Dana White's UFC 98 Video Blog - Episodes 1 and 2
Check out Dana White's video blogs as he meets up with fans during the midnight release of UFC 2009: Undisputed, and gets left an interesting message on the sidewalk.
In the second video, Dana makes an appearance on the Opie and Anthony show, hangs out with Jimmy Fallon, and more.
Arlovski vs. Rogers added to June 6 Strikeforce event
Former UFC heavyweight champion Andrei Arlovski will step in for injured Strikeforce heavyweight titleholder Alistair Overeem against Team Bison member Brett “The Grim” Rogers at “Strikeforce: Lawler vs. Shields” on June 6.
Overeem has pulled out of the fight with a hand injury.
The Fight Network learned of the heavyweight contest from sources close to both fighters.
Rogers (9-0) is coming off a second-round TKO win over Abongo Humphrey at “Strikeforce: Shamrock vs. Diaz” on April 11. A veteran of the now-defunct Elite Xtreme Combat organization, Rogers boasts wins over heavyweight sluggers Jon Murphy and James Thompson.
Arlovski (15-6), meanwhile, has not seen action since challenging Fedor Emelianenko for the WAMMA heavyweight title at “Affliction: Day of Reckoning” on January 24. Training under Freddie Roach, one of boxing’s most highly acclaimed coaches, the Belarussian hopes to rebound from a first-round knockout against “The Last Russian Emperor” and move one step closer to putting gold back around his waist.
“The Pitbull,” who will be making his first appearance for the California-based Strikeforce promotion, was initially rumored to make his professional boxing debut in the aftermath of the loss to Emelianenko. But Arlovski is now set to return to his mixed martial arts roots against the less experienced Rogers.
A former UFC heavyweight champion, Arlovski has recorded wins over Roman Zentsov, Vladimir Matyushenko, Wesley Correira, Tim Sylvia, Paul Buentello, Fabricio Werdum, Ben Rothwell and Roy Nelson throughout his 10-year career.
The winner of this fight will likely go on to challenge heavyweight kingpin Overeem for the title later this year.
The Man with Two Souls
A rising star in his ethnic home of South Korea -- and at once a celebrated and reviled athlete in Japan -- Yoshihiro Akiyama represents by far the UFC’s greatest East Asian acquisition to date. Though reaction to his signing was subdued in the West, hearing he had opted to sign with the American mixed martial arts juggernaut -- instead of landing with Sengoku or K-1 -- was big news for fans in Japan in South Korea.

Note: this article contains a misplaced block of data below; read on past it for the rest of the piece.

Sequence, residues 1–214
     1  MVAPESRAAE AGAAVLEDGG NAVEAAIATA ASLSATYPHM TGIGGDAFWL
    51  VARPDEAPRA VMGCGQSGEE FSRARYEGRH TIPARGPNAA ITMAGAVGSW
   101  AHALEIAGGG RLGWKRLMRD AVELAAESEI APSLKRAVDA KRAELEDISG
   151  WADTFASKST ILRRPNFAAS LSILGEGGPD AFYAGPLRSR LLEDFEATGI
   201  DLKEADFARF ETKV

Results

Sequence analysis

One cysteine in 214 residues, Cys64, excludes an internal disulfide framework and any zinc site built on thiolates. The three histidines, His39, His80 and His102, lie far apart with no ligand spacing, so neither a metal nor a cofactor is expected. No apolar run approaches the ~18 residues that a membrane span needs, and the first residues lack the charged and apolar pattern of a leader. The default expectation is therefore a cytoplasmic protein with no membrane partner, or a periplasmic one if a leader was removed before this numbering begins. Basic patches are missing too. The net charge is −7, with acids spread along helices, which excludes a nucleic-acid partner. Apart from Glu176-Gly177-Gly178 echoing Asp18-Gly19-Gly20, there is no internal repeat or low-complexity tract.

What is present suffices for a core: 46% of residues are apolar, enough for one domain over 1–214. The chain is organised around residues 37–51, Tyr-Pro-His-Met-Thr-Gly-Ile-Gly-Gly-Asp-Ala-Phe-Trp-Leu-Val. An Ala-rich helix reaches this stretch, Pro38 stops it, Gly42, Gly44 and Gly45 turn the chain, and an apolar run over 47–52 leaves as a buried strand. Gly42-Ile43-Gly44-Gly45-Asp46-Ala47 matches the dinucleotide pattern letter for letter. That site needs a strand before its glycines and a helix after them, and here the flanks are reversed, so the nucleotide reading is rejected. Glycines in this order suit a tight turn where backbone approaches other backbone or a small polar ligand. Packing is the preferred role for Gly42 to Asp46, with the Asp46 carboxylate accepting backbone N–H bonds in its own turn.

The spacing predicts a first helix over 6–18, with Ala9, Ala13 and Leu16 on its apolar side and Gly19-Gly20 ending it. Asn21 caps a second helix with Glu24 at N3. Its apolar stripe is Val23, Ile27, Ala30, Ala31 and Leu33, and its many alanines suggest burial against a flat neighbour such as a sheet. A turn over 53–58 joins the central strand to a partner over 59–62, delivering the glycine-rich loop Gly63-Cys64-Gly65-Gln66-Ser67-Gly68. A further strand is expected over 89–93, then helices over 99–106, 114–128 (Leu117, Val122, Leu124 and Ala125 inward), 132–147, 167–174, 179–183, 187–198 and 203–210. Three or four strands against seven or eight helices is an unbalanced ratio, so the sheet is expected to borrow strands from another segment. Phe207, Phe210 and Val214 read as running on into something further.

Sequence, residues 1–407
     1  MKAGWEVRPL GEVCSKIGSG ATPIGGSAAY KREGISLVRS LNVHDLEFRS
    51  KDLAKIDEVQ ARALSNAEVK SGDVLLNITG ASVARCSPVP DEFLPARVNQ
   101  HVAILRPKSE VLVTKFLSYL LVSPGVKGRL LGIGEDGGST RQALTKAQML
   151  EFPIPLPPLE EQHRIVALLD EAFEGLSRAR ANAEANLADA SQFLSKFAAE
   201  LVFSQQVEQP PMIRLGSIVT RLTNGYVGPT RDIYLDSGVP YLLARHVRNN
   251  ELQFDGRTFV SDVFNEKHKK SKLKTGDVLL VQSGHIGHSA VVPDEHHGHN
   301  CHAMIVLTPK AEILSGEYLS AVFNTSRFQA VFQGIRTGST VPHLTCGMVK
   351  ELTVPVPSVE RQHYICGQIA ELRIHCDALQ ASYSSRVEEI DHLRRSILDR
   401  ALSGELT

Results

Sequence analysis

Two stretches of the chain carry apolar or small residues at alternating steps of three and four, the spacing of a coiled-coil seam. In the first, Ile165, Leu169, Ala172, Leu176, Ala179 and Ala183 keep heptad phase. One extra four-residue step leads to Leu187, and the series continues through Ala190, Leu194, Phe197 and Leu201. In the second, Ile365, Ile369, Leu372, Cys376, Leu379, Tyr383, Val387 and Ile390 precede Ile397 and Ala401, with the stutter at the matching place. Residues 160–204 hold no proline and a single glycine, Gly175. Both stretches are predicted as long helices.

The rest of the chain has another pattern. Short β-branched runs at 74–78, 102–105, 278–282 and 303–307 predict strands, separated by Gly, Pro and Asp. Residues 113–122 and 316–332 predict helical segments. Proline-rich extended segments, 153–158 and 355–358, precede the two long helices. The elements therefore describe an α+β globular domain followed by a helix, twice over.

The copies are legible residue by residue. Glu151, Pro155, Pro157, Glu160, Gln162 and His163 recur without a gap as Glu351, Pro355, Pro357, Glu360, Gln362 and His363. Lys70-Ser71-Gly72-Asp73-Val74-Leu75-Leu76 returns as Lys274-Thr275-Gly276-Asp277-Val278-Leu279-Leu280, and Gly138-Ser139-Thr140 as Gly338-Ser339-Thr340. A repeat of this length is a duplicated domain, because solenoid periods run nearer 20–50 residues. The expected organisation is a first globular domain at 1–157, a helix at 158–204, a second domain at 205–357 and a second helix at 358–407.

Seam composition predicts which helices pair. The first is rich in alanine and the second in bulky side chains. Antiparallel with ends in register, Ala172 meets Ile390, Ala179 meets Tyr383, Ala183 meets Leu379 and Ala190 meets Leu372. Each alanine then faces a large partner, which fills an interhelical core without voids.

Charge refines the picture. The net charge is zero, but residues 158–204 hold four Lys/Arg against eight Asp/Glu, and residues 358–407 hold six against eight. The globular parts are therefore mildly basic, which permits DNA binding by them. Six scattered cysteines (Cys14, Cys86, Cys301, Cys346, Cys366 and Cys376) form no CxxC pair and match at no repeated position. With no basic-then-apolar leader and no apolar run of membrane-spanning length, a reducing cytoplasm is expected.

“I did consider fighting in Japan, but because of my age and the notion that the major leagues are in the US, I felt that the major leagues of MMA was the UFC,” Akiyama says. “No one can really go to the UFC just because they want to. The chances are very limited. I received the offer, and since it was my dream to fight on a larger stage, everything all came together at the right time, and I decided to go.”
As one of the best talents raised in Japanese MMA, Akiyama seems more than worthy to step into the Octagon. However, pundits view Akiyama’s ancestry and celebrity as an ethnic Korean as the keys to Zuffa’s plans, should the company expand into South Korea. Akiyama’s stardom in that country extends beyond combat sports and borders on that of a bona fide pop star.
Surprisingly, Akiyama does not believe his heritage alone will help the UFC grow in Korea. In fact, he expresses reservations with the idea and voices concern over the pervasive and trite overemphasis on national and ethnic identity.
“I think a lot of people tend to focus too much on nationality, and when they try to assert or put me into either category [Korean or Japanese], I’m saddened by it,” he says. “A lot of ‘Zainichi’ Koreans (ethnic Koreans living in Japan) feel the same way -- where they don’t know if they’re Korean or if they’re Japanese.”
Like many ethnic Koreans born, raised and living in Japan, Akiyama has dealt with the difficulties of fitting into two cultures, under constant scrutiny and with little room for foreign inclusivity; the consequences can be seen in his struggles in judo and MMA over the past eight years. Nevertheless -- unlike his harshest critics and detractors -- he harbors no bitterness; that allows him to reconcile and appreciate both identities.